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In April 1856, after decades of frontier skirmishes with British colonial powers, the Xhosa tribe of current-day South Africa stopped planting crops, slaughtered their cattle, and destroyed their grain stores. They acted on the prophecy of a teenage girl who said spirits had told her that, if they would do these things, the golden age before the white invasion would be restored and they would see an era of increased prosperity. By the end of 1857, an estimated one-third to one-half of them were dead, and the British corralled the survivors into labor camps and assumed control of the land.
Rael Jean Isaac opens Roosters of the Apocalypse with this true story to make a point: despite modern advancements and scientific enlightenment, we may have more in common with the Xhosa than we think.
Apocalyptic movements have much in common with each other, says Richard Landes, a historian with Boston University. They have their initiators and promoters, whom he dubs "roosters" because they crow an exciting message, more cautious folks he calls "owls" because they warn against unwarranted drastic action, and a mass of followers who must choose whom to believe. Such movements also follow a common lifecycle. In the first wave, the roosters break onto the public scene and begin amassing followers. Next comes the breaking wave, when the roosters' message dominates public life. This is followed by a long churning phase, when the inertia of the movement carries it -furiously forward despite failed predictions and mounting evidence that the owls were right. And finally, as the wave recedes, the owls are vindicated, but much damage has been done and the consequences remain.
Isaac applies Landes's explanatory metaphor to the climate change movement. "From a political point of view, climate change must still be counted a breaking wave," she writes. "It continues to dominate public life because the preponderance of political, academic, environmental, and media elites, as well as a significant segment of business leaders, remain committed roosters. Intellectually it's another story."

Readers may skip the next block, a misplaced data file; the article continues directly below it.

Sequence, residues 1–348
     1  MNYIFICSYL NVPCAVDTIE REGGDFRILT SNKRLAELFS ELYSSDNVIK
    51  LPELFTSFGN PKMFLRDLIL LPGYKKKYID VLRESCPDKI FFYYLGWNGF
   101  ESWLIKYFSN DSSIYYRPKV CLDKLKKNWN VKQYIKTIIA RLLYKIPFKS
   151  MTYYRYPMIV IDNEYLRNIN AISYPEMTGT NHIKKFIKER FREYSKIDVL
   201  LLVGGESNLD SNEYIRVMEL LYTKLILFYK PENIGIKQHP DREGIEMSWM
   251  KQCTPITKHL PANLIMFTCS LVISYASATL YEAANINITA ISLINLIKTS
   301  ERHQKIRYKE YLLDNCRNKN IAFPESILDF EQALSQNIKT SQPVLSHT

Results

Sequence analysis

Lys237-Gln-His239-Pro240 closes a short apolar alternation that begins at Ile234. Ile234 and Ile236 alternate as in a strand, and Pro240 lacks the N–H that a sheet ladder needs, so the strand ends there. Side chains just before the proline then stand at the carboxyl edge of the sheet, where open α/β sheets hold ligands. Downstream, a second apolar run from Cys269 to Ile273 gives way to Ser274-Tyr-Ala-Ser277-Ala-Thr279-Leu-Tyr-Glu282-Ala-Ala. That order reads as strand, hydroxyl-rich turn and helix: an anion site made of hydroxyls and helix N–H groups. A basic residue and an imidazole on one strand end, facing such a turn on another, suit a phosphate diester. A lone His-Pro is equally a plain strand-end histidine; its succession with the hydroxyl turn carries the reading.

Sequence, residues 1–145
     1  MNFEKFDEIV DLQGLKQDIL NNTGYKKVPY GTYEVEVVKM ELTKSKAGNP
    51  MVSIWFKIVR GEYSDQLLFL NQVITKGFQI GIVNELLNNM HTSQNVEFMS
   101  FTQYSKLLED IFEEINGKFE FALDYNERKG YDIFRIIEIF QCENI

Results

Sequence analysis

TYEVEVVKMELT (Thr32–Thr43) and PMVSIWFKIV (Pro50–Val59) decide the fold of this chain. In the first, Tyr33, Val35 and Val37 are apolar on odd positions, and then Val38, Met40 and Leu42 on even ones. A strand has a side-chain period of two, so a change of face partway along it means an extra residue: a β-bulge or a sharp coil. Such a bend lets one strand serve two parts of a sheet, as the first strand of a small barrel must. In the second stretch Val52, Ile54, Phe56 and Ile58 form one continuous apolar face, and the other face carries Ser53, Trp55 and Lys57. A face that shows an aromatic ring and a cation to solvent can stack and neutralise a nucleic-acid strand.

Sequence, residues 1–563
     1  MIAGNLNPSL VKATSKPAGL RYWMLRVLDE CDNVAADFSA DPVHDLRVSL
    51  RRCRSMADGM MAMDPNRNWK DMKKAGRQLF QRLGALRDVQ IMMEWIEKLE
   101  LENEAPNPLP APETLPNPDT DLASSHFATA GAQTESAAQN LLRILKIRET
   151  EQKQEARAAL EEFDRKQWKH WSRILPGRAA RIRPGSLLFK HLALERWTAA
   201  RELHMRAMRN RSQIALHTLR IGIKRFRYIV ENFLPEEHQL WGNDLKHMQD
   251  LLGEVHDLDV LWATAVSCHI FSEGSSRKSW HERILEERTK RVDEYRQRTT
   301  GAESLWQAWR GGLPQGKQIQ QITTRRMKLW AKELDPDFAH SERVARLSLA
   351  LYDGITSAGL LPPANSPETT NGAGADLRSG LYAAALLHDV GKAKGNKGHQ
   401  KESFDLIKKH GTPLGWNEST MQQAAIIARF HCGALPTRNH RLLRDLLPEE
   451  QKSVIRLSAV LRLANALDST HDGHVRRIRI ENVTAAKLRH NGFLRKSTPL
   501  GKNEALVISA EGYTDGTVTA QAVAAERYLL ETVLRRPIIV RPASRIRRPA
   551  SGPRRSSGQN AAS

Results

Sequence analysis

Her subsequent chapters lay out the facts of that other story, including: the massive intellectual fraud perpetrated by the climate scientists at the University of East Anglia and elsewhere, now dubbed "Climategate"; the convoluted scheme of trading the fictitious commodity known as carbon credits, which amounts to nothing more than a huge tax on energy; and the economic black holes surrounding the quest for renewable energies. These show that the movement, far from being grounded in scientifically established fact, is basically irrational, ideological, and profoundly anti-science.
Most helpfully, Isaac delves into the history of the climate change movement in order to diagnose the driving force behind it all. "From the beginning, energy, not pollution, was the chief target of environmental roosters," she writes; she then succinctly exposes the movement as a destructive drive to undo human achievement. Tying a political tourniquet on energy production is merely the means du jour for pursuing the pernicious end.
Her application of Landes's metaphor fits way too close for comfort. Western economies and human livelihoods are directly affected. "How ironic it will be," she concludes, "if despite our pride in bringing down the Soviet Union without a shot, the twenty-first century, thanks to our self-destructive pursuit of an apocalyptic fantasy, belongs to a Communist dictatorship?"
"Ironic" doesn't even come close. Contemptible would be more like it. Despite the warm fuzzies we might feel about protecting the earth, Isaac's account should compel reasonable people to apply sound judgment before following the roosters. •
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